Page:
Summer solstice is within us every year, we all know it and we all enjoy it, especially Juhannus. Here is facts about Finnish culture and the summer solstice.
Before 1316, the summer solstice was called Ukon juhla, after the Finnish god Ukko. In Karelian tradition, many bonfires were burned side by side, the biggest of which was called Ukko-kokko (the "bonfire of Ukko").
After the celebrations were Christianized, the holiday is known as juhannus after John the Baptist (Finnish: Johannes Kastaja). Since 1955, the holiday is always on a Saturday (between June 20 and June 26). Earlier it was always on June 24. A lot of the celebration of midsummer takes place on midsummer eve, when many workplaces are closed and shops have to close their doors at noon.
In the Finnish midsummer celebration, bonfires (Finnish kokko) are very common and are burnt at lakesides and by the sea. Often two young birch trees (koivu) are placed on either side of the front door to welcome visitors. Swedish-speaking Finns often celebrate by erecting a midsummer or maypole (Swedish midsommarstång, majstång).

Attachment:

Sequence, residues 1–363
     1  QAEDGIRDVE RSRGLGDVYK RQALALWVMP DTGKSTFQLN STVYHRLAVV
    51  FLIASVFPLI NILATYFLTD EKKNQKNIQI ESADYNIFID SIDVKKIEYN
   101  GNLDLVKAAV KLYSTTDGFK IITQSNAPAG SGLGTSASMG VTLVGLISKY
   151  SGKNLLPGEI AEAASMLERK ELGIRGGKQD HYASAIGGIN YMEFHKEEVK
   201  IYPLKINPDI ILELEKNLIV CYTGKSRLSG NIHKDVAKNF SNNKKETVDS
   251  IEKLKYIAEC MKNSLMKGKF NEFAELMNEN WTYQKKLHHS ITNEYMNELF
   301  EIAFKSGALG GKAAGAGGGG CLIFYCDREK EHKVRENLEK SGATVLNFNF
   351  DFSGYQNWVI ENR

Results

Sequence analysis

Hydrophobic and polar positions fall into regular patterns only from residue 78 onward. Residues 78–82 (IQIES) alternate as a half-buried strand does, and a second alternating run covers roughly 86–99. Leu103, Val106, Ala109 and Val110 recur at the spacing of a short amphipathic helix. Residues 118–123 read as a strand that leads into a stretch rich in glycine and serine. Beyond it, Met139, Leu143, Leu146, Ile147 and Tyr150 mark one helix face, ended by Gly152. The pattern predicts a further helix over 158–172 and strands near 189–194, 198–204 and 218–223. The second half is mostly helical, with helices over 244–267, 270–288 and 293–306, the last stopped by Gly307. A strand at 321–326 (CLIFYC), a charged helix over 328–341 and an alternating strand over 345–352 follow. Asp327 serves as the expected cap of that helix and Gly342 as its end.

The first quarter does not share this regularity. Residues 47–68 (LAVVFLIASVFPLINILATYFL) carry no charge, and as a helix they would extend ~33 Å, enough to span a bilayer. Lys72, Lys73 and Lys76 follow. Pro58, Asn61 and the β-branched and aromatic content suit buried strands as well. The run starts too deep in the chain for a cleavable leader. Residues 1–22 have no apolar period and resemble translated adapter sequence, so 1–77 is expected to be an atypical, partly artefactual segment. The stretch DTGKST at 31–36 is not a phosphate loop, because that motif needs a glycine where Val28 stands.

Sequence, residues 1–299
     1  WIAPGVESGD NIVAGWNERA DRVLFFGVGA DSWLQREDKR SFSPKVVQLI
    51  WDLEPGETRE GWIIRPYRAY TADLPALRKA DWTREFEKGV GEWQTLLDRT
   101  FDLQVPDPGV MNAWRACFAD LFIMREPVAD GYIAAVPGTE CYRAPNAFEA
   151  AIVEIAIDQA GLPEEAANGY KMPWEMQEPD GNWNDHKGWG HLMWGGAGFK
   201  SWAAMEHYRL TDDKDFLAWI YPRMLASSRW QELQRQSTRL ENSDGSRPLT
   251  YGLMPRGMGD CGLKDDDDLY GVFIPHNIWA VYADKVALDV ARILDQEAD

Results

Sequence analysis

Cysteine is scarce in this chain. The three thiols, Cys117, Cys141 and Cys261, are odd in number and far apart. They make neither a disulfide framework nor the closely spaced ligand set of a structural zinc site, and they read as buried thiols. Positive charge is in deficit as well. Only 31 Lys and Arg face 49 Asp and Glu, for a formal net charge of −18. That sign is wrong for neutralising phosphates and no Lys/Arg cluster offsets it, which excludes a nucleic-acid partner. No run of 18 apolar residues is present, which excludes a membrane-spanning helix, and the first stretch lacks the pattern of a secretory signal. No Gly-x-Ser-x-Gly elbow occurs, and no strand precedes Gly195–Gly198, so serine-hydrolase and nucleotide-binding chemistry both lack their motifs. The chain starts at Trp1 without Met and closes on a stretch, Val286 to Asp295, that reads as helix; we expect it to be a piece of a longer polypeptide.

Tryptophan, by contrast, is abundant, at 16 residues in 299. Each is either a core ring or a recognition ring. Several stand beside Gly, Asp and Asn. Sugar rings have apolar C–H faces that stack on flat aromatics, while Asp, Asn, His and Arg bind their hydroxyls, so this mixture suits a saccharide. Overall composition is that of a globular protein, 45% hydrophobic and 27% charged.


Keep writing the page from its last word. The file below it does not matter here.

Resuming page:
An important feature of the midsummer in Finland is the white night and the midnight sun. Because of Finland's location spanning around the Arctic circle the nights near the midsummer day are short or non-existent. This gives a great contrast to the darkness of the winter time. The weather varies between years, the highest temperature is on average about 20°C (Southern Finland).
Many Finns leave the cities for Midsummer and spend time in the countryside. Nowadays many spent a few days there, and some Finns (who don't travel abroad) take their whole vacation in cottage. Rituals include bonfires, cookout, sauna and spending time together. Heavy drinking is also associated with the Finnish midsummer.
It's also common to start summer holidays on Midsummer day. For many families the Midsummer is the time when they move to the countryside to their summer cottage by the sea or lake. Midsummerday is also the Day of the Finnish Flag. The flag is hoisted at 6 pm on Midsummer eve and flown all night till 9 pm the following evening. Finnish Canadians in the New Finland district, Saskatchewan, Canada celebrate Juhannus.
Happy Juhannus to everyone!